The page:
The African Women Water, Sanitation and Hygiene Network (AWWASHNet) has called for Public-Public partnership in the administration of water as a human right as against the Public-Private Partnership which would make water to be priced above the reach of the poor and lead to job losses.
The call was made by Veronica Nwanya, the Coordinator of AWWASHNet during a sensitization among market women in Ogba to mark the annual Africa Week of Action 2022, tagged, ‘African Communities in Solidarity Against Water Privatisation’.
While speaking to the market women, Nwanya who said Water is critical to social and economic development and directly affects the behaviour of society, stressed that the importance of social and economic approaches to the management of water scarcity is increasingly being recognized.
She noted that women bear the brunt of providing water for their homes and the sensitization is born out of concern for the lack of access to quality drinking water within the market, the state situation of the state water works and the quality of the water supply.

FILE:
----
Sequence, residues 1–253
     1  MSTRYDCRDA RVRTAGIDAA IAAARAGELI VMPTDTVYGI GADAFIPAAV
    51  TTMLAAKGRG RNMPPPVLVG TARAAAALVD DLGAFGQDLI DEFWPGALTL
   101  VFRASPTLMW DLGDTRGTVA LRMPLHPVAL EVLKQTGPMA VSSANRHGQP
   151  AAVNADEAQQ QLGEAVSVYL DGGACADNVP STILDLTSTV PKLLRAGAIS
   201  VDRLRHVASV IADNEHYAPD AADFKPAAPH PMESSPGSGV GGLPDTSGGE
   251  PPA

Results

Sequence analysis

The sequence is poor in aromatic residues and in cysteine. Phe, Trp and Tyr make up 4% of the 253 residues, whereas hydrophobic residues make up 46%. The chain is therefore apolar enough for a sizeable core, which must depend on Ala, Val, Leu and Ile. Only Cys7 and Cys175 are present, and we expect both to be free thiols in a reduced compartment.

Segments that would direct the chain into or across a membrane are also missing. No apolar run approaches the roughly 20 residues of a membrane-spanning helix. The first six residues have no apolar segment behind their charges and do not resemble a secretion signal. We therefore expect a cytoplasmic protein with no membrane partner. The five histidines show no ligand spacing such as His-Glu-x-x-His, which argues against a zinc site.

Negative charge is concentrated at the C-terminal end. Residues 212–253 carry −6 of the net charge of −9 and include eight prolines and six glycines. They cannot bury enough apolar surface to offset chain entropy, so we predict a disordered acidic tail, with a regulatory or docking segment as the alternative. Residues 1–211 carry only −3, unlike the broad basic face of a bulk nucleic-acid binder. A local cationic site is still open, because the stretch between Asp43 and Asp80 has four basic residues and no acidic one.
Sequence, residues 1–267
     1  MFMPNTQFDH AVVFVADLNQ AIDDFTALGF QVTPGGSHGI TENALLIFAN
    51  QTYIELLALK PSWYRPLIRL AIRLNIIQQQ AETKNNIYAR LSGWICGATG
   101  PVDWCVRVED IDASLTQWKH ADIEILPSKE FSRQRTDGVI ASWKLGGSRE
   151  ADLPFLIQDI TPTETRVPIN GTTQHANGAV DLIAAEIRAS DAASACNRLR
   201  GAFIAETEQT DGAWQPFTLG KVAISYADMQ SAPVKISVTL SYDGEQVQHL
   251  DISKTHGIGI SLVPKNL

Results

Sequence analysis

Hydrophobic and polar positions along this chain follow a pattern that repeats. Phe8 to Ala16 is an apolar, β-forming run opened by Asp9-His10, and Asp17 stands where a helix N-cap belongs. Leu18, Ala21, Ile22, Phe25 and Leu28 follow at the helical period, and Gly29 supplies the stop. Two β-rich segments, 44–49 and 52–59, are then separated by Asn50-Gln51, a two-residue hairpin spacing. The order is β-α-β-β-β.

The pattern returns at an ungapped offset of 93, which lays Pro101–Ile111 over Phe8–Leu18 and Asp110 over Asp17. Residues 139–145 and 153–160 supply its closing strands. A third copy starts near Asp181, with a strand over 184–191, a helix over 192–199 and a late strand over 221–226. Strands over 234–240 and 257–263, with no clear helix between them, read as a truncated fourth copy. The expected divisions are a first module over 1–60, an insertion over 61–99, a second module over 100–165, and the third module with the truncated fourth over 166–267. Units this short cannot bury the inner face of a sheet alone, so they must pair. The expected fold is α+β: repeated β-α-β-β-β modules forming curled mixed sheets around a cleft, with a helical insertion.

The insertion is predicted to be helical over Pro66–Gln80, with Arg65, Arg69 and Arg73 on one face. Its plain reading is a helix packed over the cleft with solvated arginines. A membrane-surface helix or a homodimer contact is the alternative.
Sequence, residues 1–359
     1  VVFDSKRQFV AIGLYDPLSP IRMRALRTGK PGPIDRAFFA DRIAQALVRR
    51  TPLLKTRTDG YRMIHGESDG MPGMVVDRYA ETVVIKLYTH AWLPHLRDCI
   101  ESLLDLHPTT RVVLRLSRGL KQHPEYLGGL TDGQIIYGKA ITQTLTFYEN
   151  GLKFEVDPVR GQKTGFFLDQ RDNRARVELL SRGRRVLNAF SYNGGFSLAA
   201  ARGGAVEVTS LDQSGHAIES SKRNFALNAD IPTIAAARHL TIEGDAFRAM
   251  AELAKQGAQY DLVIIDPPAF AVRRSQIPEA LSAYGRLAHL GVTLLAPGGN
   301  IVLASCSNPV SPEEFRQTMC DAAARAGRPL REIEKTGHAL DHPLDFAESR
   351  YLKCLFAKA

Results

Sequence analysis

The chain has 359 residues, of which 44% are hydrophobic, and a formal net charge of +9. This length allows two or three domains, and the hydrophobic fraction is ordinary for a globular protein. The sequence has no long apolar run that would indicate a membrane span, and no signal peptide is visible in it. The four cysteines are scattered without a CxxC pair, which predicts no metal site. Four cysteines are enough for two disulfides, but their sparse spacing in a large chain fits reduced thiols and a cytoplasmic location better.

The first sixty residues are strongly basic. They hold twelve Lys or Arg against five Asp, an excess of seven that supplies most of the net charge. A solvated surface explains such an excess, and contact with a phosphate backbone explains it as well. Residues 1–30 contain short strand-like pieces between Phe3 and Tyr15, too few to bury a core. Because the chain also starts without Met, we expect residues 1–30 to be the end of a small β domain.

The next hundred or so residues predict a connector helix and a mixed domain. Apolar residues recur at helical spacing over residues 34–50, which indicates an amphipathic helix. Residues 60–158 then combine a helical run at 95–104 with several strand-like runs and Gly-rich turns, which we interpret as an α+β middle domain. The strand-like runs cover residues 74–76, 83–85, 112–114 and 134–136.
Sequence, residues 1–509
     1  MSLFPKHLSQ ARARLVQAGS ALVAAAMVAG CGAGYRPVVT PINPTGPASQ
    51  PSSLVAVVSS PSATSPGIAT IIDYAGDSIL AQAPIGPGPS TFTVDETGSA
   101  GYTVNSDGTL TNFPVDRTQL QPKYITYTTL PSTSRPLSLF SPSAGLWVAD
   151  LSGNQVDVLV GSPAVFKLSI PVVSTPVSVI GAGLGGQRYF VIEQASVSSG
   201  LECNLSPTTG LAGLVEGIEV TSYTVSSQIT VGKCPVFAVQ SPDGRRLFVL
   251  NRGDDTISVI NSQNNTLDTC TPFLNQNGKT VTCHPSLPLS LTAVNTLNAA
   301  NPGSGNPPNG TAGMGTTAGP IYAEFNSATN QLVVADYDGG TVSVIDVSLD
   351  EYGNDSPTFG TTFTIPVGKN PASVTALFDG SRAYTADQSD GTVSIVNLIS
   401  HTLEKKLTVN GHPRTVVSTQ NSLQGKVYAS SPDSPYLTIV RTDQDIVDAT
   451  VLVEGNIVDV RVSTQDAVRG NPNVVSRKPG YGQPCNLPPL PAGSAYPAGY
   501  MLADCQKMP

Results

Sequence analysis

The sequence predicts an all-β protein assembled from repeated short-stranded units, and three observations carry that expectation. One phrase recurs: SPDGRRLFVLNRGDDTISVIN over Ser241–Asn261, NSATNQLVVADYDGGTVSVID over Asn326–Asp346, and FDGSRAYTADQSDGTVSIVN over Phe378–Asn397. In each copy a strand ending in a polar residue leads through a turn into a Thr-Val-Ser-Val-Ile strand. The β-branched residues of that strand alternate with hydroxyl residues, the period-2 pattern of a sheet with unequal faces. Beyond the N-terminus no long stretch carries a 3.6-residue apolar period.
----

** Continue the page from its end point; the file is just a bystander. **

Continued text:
Aderonke Ige, associate Director with Corporate Accountability and Public Participation Africa (CAPPA) explained to the women the importance of rejecting water Privatisation as the consequences will be grievous thereafter.
AWWASHNet Chairperson, Lady Vickie Uremma Onyekuru, cited the Water issue in Africa. Water scarcity affects 1 in 3 people in the African Region and is getting worse with population growth, urbanization and increases in household and industrial uses.
“Water scarcity in Africa is predicted to reach dangerously high levels by 2025. It is estimated that about two-thirds of the world’s population may suffer from freshwater shortage by 2025. The main causes of water scarcity in Africa are physical and economic scarcity, rapid population growth, and climate change,” she noted.
Onyekuru went further to say, the Drivers of Water Scarcity are Poverty. Poverty is a huge barrier to access to water and sanitation, and most of the world’s poorest countries are in sub-Saharan Africa. Natural disasters, increased pollution, and a lack of resources are all driving forces of the water crisis in sub-Saharan Africa.